Does the marketplace Christian spend his money differently from his worldly colleagues? Does it matter? Should it? Will there be any difference between how a Christian and non-Christian of the same economic status uses their money? Whose business or practice is it? After meeting tax obligations, it’s quite easy for the secularist to reason, I earned it, or at least I have it, and what I want to do with “my” money is no one else's’ business. Their use of money can reveal a person’s priorities for power, dissipation, display, greed, whim, indulgence or entertainment, limited only by imagination and resources. Our choices reveal our character. Even in the secular world, we see commendable examples of wealthy persons who have spent fortunes on libraries, public parks, medical care and research, starvation/disaster relief, education, and other worthwhile causes that have relieved much suffering. Unfortunately, this seems to be the exception, not the rule.
The key difference that separates the secularist from the Christian is the concept of stewardship. The secularist sees his prosperity as resulting from his own skill, intelligence, fortuity, or just plain luck.
The Christian who accepts Scripture as truth in his worldview will march to an entirely different drummer. He knows the Scriptures and Jesus himself had much to say about the poor, the rich, money, and how money should be used. A committed Christian will have a caring concern about others. Jesus reminded that we should love our neighbor as ourselves (Mat. 22:38, 39, quoting Lev.19:18). But Christian stewardship goes back almost to the beginning of time when Cain, confronted about his brother Abel, responded to God Himself, “Am I my brother’s keeper?” Scripture reveals stories of the wealthy and powerful, many beloved of the Lord: Abraham and Lot, Joseph, Moses, Boaz, David and Solomon, Daniel, Nebuchadnezzar, Nicodemus, Joseph of Arimathea. In fact, God Himself directly prospered some of these (Gen. 39:3, 23). He wants all of His people to prosper in all things, both physical and spiritual (3 Jn 2, Ps. 1:1-3). The key difference that separates the secularist from the Christian is the concept of stewardship. The secularist sees his prosperity as resulting from his own skill, intelligence, fortuity, or just plain luck. Whatever its source, what he has is his own, to do with as he pleases. By contrast, the Christian sees God’s hand in all that happens, and asks the question, ”What shall I render to the Lord for all His benefits toward me” (Ps. 116:12). Even if gifted with great skill or talent, he recognizes that these, too, come from the Lord. He is then a steward of those resources and will ask the question: “What does God, as Owner, want me to do with what He’s given me to manage?” God’s answer is not obscure.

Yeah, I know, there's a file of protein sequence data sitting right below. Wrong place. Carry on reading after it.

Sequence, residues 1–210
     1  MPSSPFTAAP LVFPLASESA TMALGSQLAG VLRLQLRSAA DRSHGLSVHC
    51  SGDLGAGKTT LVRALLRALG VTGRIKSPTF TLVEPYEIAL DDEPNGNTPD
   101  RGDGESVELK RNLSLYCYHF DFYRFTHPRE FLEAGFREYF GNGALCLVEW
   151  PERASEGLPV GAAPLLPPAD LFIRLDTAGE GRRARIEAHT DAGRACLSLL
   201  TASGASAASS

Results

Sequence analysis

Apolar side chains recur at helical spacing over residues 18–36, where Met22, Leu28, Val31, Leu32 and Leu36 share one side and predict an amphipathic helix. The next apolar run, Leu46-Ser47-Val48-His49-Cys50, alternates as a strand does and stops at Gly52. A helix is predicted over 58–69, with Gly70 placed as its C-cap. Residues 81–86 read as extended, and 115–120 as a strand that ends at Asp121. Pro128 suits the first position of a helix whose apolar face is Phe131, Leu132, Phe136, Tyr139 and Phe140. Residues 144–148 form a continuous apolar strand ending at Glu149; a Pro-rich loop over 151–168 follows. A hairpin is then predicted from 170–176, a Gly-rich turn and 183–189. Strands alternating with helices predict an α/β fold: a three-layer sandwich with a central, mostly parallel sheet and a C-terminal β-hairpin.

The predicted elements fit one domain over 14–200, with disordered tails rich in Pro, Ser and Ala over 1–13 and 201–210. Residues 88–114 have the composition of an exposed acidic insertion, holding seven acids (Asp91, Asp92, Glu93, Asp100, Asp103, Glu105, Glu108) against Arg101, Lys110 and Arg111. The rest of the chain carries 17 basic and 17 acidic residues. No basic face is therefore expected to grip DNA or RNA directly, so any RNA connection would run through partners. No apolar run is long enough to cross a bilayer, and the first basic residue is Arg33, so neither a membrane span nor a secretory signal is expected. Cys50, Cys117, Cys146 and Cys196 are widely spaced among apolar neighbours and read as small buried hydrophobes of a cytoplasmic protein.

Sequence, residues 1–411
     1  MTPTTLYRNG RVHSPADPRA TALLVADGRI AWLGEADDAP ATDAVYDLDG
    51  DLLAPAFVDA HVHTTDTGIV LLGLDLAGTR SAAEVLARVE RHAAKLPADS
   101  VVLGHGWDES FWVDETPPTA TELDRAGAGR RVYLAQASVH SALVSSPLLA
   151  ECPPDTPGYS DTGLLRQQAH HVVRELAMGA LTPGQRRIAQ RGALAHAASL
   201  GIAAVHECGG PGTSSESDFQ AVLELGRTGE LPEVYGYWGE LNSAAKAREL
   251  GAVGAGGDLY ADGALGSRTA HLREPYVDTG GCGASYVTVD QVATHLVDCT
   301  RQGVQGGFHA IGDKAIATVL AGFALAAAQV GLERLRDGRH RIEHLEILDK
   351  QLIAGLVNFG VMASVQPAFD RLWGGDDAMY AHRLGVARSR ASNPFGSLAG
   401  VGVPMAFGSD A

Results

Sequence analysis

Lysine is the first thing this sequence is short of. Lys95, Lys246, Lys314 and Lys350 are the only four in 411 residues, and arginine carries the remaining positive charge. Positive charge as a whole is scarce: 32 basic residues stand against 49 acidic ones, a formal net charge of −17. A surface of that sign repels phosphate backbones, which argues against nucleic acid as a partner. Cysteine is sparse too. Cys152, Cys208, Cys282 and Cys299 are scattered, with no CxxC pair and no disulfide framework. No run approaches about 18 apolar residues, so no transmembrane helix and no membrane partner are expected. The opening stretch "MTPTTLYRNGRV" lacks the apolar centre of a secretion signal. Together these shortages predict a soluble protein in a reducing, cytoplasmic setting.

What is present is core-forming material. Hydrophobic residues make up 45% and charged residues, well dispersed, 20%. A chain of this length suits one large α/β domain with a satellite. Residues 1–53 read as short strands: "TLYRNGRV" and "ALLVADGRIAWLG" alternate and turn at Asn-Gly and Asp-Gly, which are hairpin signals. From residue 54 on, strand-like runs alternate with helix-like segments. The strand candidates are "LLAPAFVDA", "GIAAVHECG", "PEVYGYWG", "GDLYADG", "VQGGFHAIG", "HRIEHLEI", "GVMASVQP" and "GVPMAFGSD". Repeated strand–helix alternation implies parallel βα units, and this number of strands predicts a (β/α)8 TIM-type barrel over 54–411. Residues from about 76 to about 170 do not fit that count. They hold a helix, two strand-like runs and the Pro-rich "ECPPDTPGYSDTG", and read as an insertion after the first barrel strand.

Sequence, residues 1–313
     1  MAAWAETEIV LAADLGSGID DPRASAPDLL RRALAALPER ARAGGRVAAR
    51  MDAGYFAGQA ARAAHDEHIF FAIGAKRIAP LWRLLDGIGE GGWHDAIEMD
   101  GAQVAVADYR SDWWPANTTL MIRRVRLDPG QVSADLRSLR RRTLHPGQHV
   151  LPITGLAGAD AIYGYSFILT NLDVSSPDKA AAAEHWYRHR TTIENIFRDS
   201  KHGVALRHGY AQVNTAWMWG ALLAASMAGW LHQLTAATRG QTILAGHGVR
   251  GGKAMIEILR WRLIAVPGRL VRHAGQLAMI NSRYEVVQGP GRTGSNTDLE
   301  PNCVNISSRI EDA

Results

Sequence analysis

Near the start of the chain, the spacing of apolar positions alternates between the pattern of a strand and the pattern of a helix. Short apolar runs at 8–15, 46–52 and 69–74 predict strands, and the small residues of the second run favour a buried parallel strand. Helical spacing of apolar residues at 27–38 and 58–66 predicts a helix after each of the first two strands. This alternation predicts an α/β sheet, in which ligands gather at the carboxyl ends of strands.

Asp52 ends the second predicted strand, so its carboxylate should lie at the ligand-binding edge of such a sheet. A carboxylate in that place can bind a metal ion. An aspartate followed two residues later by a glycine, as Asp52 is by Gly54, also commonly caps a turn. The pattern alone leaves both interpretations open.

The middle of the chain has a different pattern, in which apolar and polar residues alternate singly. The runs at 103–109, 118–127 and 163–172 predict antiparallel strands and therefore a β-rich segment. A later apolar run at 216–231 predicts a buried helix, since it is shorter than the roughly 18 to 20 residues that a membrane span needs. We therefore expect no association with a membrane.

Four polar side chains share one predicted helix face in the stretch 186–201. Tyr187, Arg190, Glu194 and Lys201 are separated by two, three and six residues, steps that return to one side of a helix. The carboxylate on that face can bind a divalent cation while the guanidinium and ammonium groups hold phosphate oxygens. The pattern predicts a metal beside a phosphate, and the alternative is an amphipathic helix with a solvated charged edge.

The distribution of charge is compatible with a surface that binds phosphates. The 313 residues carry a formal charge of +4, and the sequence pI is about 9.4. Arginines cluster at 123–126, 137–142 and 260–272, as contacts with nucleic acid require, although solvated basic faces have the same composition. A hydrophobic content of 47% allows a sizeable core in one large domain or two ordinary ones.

In one of Jesus’ early sermons, he dealt with the dilemma of how man should weigh the priorities between spirituality and “things.” In His Sermon on the Mount, Jesus clearly admonishes, “Seek first the kingdom of God and His righteousness, and all these things shall be added to you” (Mat. 6:33). The Christian knows that the only safe treasure “bank” is in heaven, not on earth. No one can move his investments to another world. We cannot carry anything out of this world when life is over. We will go like we came—with nothing (1Tim. 6:7).
Christians who see themselves primarily as God’s stewards will be content with what God has supplied (1 Tim. 6:8) and happily support His Church. They will look for opportunities to help those in need and will be quick to defend against injustices (Ps. 82:13; Isa. 58:6-14). They will shun ostentatious display knowing that our Lord Jesus was rich, but became poor for our sakes so that through His poverty, we might become rich in his grace, (2 Cor. 8:9).
Perhaps the real question is not, “What do Christians in the marketplace look like?” but rather, “Who do they look like?”